Daryl Heath Nye FRACS
3 November 1939 - 9 December 2013

For the 25 years between 1974 and 1999, Daryl and I worked closely together in the Neurosurgical Unit at St Vincent's Hospital, Fitzroy and so I am well placed to record many aspects of his life and career.

Daryl's primary and secondary education was at Wesley College from where he matriculated with honours in 1957.  He graduated with the degrees of Bachelor of Medicine and Bachelor of Surgery from the University of Melbourne Medical School in 1963.  After two years of residency at St Vincent's Hospital he followed me as the Neurosurgical Registrar.

He spent the next two years in the Anatomy Department of the University of Melbourne as a demonstrator and researcher.  During this time he passed the Primary examination for the Royal Australasian College of Surgeons.   His published research from that time includes three papers on the vascular anatomy of the human liver.

He began training in general surgery in 1969 and in 1970 and 1971 he was again the Neurosurgical Registrar in Keith Henderson's unit at St Vincent's Hospital.   In November 1971 he was admitted to Fellowship of the Royal Australasian College of Surgeons.

For the next two years Daryl worked in England at the Manchester Royal Infirmary with Richard Johnson who was at the time a doyen in British neurosurgery.  It was during this time that he began his lifetime interest in the management of intracranial aneurysms and benign tumours of the brain.  I well remember his description of and excitement at the invention of CT scanner and other new technology available to him at Manchester.  It would be four years before we had a CT scanner at St Vincent's Hospital.

Daryl was appointed as a Neurosurgeon to St Vincent's Hospital in 1974 and he held that position until his retirement from the Hospital in 2001 - a total overall of 32 years of service!

Particularly in the earlier years of his appointment we were close colleagues and we shared much of our working hours side by side in the operating theatre or elsewhere in the hospital.  Our operating days often lasted well into the night and it was a delight to then spend some rest time with him and swap stories and ideas - often over a Gin and Tonic.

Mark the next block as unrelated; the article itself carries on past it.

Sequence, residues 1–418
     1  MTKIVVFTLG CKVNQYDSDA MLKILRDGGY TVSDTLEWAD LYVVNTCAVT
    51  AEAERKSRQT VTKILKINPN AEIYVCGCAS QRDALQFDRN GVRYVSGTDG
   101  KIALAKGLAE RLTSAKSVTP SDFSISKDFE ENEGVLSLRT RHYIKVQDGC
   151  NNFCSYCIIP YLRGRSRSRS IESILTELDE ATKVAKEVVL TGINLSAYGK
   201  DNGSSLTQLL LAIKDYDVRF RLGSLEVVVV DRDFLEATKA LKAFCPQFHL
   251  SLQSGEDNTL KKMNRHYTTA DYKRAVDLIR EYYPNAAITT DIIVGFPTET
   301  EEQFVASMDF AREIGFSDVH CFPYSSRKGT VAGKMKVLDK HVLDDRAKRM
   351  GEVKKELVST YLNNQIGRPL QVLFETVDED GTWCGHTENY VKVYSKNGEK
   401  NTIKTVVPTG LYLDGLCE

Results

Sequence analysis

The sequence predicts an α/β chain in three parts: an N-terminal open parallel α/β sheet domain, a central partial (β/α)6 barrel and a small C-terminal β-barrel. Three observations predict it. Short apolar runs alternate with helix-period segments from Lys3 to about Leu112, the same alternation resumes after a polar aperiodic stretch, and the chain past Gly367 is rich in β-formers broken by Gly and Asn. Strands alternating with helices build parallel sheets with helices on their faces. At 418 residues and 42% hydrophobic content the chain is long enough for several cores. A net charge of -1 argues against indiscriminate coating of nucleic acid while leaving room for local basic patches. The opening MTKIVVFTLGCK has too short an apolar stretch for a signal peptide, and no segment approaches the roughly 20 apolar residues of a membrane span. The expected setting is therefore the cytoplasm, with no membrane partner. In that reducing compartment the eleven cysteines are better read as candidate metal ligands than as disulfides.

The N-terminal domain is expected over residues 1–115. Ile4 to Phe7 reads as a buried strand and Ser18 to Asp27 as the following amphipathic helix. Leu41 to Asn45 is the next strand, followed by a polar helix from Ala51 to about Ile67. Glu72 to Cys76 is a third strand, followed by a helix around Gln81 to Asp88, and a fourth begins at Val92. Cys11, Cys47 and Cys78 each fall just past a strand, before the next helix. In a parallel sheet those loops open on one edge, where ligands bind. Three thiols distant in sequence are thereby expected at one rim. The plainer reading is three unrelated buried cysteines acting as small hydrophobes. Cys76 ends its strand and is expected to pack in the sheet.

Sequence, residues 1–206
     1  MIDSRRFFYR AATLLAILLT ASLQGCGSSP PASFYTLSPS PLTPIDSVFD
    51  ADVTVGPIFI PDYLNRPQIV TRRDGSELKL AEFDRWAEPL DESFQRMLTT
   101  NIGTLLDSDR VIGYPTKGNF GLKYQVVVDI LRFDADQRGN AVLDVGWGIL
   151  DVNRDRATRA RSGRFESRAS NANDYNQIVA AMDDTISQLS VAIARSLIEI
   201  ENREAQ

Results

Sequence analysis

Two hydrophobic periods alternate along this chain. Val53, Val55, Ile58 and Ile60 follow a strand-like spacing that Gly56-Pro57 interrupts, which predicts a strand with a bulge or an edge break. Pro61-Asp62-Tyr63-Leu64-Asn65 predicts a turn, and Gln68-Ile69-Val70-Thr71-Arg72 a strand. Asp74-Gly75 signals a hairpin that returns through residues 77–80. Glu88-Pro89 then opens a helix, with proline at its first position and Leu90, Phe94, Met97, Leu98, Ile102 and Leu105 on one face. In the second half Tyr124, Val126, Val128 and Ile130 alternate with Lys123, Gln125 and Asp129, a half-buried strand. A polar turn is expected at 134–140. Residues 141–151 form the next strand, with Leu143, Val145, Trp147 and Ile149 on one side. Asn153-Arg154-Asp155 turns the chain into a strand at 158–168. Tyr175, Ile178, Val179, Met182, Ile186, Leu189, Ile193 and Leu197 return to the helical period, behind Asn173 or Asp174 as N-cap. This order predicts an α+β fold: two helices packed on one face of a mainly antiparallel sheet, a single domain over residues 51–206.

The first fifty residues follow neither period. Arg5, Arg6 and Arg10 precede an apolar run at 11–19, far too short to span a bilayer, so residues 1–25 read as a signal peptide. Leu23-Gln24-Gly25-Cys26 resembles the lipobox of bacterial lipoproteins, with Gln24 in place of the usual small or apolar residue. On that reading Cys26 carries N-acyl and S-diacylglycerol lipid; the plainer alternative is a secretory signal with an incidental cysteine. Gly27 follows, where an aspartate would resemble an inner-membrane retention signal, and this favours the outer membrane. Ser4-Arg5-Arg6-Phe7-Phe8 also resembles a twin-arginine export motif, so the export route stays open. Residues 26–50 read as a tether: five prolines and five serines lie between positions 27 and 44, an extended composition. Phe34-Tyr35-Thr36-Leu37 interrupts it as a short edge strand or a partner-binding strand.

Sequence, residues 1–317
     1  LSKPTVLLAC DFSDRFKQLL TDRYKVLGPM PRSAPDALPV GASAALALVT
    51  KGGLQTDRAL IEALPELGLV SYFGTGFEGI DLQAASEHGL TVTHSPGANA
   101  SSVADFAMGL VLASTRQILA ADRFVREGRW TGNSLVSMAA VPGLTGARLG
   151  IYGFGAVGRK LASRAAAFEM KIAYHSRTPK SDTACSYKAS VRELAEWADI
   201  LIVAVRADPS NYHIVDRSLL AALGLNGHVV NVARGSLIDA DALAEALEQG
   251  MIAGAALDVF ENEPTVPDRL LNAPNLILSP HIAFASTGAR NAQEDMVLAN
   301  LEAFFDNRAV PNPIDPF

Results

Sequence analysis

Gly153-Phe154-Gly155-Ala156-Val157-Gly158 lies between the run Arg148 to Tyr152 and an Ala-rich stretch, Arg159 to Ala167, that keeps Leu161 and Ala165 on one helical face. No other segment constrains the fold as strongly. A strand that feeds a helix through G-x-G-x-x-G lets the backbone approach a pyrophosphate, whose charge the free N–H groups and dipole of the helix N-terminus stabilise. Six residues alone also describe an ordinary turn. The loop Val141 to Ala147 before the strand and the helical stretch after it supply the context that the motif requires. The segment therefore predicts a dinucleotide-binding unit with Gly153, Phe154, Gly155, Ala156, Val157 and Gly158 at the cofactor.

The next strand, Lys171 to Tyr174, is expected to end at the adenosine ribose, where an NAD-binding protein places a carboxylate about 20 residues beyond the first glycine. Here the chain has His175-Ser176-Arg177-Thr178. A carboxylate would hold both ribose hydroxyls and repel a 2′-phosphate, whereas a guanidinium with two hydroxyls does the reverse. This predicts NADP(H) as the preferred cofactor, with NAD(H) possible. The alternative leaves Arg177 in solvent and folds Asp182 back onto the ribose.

Daryl was serious when needed but at times he was great fun.  He did enjoy life. Ward parties and Theatre Christmas parties spring to mind.

Daryl was very much a private person but as we spent so many special times together I became privy to much of his life outside medicine.  I became aware of his devotion to his family and the high value he placed on his marriage and family life. Daryl married his best friend's sister Jan Sumner in 1963 and they had three children Anthony, Elisabeth and Michael and two grandchildren Isabella and Alex.

Daryl would have fads from time to time but most of his interests lasted for years.  In his youth there was long board surfing which gave way to a lifelong interest in boating and sailing.  His love of fast cars was nurtured in the nearby garage of the racing ace of the time Reg Hunt.  Daryl never missed a Grand Prix.  For a while he was a keen golfer. For years his riding helmet took pride of place at the centre of the rear window of his vehicle.  He was enthusiastic about dressage, clay target shooting, fine cars, classical music, fine food and good wine, particularly champagne.

Daryl was not a great traveller until recent years but when he did travel he travelled well.  He is the only person I know to have flown in the Concorde.

He was a kind and caring doctor, particularly to his patients and to nursing and paramedical staff in the operating theatres and the wards.  He never had a harsh word for anybody.  In the operating theatre he was a quiet, courteous and competent surgeon who carefully practised the techniques he had learnt or developed.  He was uncompromising in his routines and his attention to detail.  He was a general neurosurgeon with sound surgical practice and skill.

During his years at St Vincent's he also consulted in Private Practice and held Consultant appointments at the Geelong Hospital, Box Hill Hospital, Heidelberg Repatriation Hospital and Werribee Mercy Hospital.

He presented papers on neurosurgical matters at scientific meetings of the Royal Australasian College of Surgeons, the Neurosurgical Society of Australasia and other learned societies.  His publications are recorded in his curriculum vitae and include reports on clinical cases and among other topics studies on the intraoperative effects of diuretics and anaesthesia on the human brain.

Daryl served as a Member of the Court of Examiners of The Royal Australasian College of Surgeons from 1986 until 1997, inclusive and in the last three years he was the Chief Examiner in Neurosurgery.  He had a reputation as a good and fair examiner.

Daryl had great respect admiration and gratitude for two persons in particular, Keith Henderson and Richard Johnson who together contributed most to his training in Neurosurgery.

Daryl continued with his busy medico-legal practice until his unexpected death last December.

It will be some time before my memories of Daryl will fade. 

Contributed by Dr Jim Cummins who was a member of the Neurosurgery Department at St Vincent's Hospital Melbourne from 1971-1999 and was its Director from 1987 - 1999.